THEY say charity begins at home and that is what the St Vincent de Paul shop in Castleconnell is all about.
Staff recently celebrated their first anniversary of its opening in Bruach na Sionna.
But the charity has worked in the parish of Ahane, Castleconnell and Montpelier for 38 years. There was also a shop on Castle Street for 20 years.
Since they opened a new shop a year ago one of the volunteers, Josephine Coleman, said it has been a big success.
“We have done much better than we thought but there is a bigger demand there now as well,” said Josephine.
With Christmas around the corner they are asking for people to hand unwanted presents and gifts in to the shop.
“There is always a demand for help from people in need and help from the public is crucial and much appreciated.
“One person’s junk is another’s treasure,” said Josephine,
St Vincent de Paul are currently running a toy appeal in Super Valus and local volunteers are lucky enough to have a store in Castleconnell.
“It is going OK, not nearly as good as last year. Obviously money isn’t flowing as much.
“It also means a lot of families looking for items, we don’t know if we will be able to provide it,” said Josephine.
But thanks to the shop they do have food hampers and coal for those in financial dire straits this Christmas.
“We wouldn’t be able to do that without the shop.
“Everything that is made goes back into the parish,” said Josephine, who is one of 21 volunteers.
With the revelations about donations being used to top up salaries at the Central Remedial Clinic hitting the headlines Josephine reveals that they don’t earn a penny.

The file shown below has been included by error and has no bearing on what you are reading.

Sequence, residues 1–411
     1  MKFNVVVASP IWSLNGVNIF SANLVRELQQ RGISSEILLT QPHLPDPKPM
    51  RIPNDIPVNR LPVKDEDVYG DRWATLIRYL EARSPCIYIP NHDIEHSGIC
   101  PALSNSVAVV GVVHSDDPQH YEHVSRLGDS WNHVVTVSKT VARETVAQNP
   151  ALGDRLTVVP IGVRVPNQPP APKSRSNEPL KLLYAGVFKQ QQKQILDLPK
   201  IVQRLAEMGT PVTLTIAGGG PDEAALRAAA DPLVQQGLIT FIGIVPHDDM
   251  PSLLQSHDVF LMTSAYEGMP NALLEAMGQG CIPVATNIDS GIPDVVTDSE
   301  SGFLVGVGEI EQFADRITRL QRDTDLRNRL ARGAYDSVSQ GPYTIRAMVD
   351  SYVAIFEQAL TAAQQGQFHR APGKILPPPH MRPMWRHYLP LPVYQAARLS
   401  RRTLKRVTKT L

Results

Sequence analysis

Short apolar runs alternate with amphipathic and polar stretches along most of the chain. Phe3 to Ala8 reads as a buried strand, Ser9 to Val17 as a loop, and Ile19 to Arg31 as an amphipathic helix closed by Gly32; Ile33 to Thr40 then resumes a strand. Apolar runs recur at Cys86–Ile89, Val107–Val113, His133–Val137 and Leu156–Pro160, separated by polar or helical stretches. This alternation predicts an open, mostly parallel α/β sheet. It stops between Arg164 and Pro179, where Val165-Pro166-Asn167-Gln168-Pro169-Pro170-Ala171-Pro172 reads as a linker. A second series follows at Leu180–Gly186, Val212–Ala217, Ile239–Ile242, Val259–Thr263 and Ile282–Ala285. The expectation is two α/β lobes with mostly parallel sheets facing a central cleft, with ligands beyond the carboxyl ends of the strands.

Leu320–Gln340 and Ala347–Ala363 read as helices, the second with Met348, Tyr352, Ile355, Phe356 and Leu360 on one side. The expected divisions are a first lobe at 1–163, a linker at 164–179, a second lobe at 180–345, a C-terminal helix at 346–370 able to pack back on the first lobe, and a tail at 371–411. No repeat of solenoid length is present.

“There is nobody paid. We have 21 volunteers and there is nobody paid. Everyone is volunteering their time for free,” said Josephine, who is from Lisnagry.
Indeed, all 21 are from the parish so it a completely local effort.
There is a post box in the shop if you need help; call in and speak to president of the shop, Bridget Healy or contact St Vincent de Paul in Limerick city and they will put you in touch with staff in Castleconnell.
It is completely confidential, stresses Josephine, who is president of their visitation conference.
The aim of the St Vincent de Paul is to tackle poverty in all its forms through the provision of practical assistance to those in need. The shop is just one branch of their work in the community.
The concept of need is broader than financial hardship, so visiting the sick, the lonely, the imprisoned form a large proportion of the society’s work.
They operate in small groups, called conferences, based on local parishes which meet regularly and their work is usually concentrated on local visiting.
In total, the shop has helped raise over €12,000 since its doors were opened for the first time.
A large crowd attended the celebration of their one year anniversary.
Their takings trebled compared to a normal day.
“The volunteers in the St Vincent de Paul shop wish to thank all those who have supported them throughout the year.
“We welcome donations of clothing, toys, bedding, bric-a-brac, etc.
“We are especially grateful to local businesses and individuals, without whose support we could not achieve our goal to help the needy,” summed up Josephine.
For those in need of help the contact number for the headquarters of St Vincent de Paul in Limerick is Ozanam House, Hartstonge Street contact 061 317327.
Or to support their efforts drop in to the shop to hand in unwanted items or purchase one of their huge range of goods.
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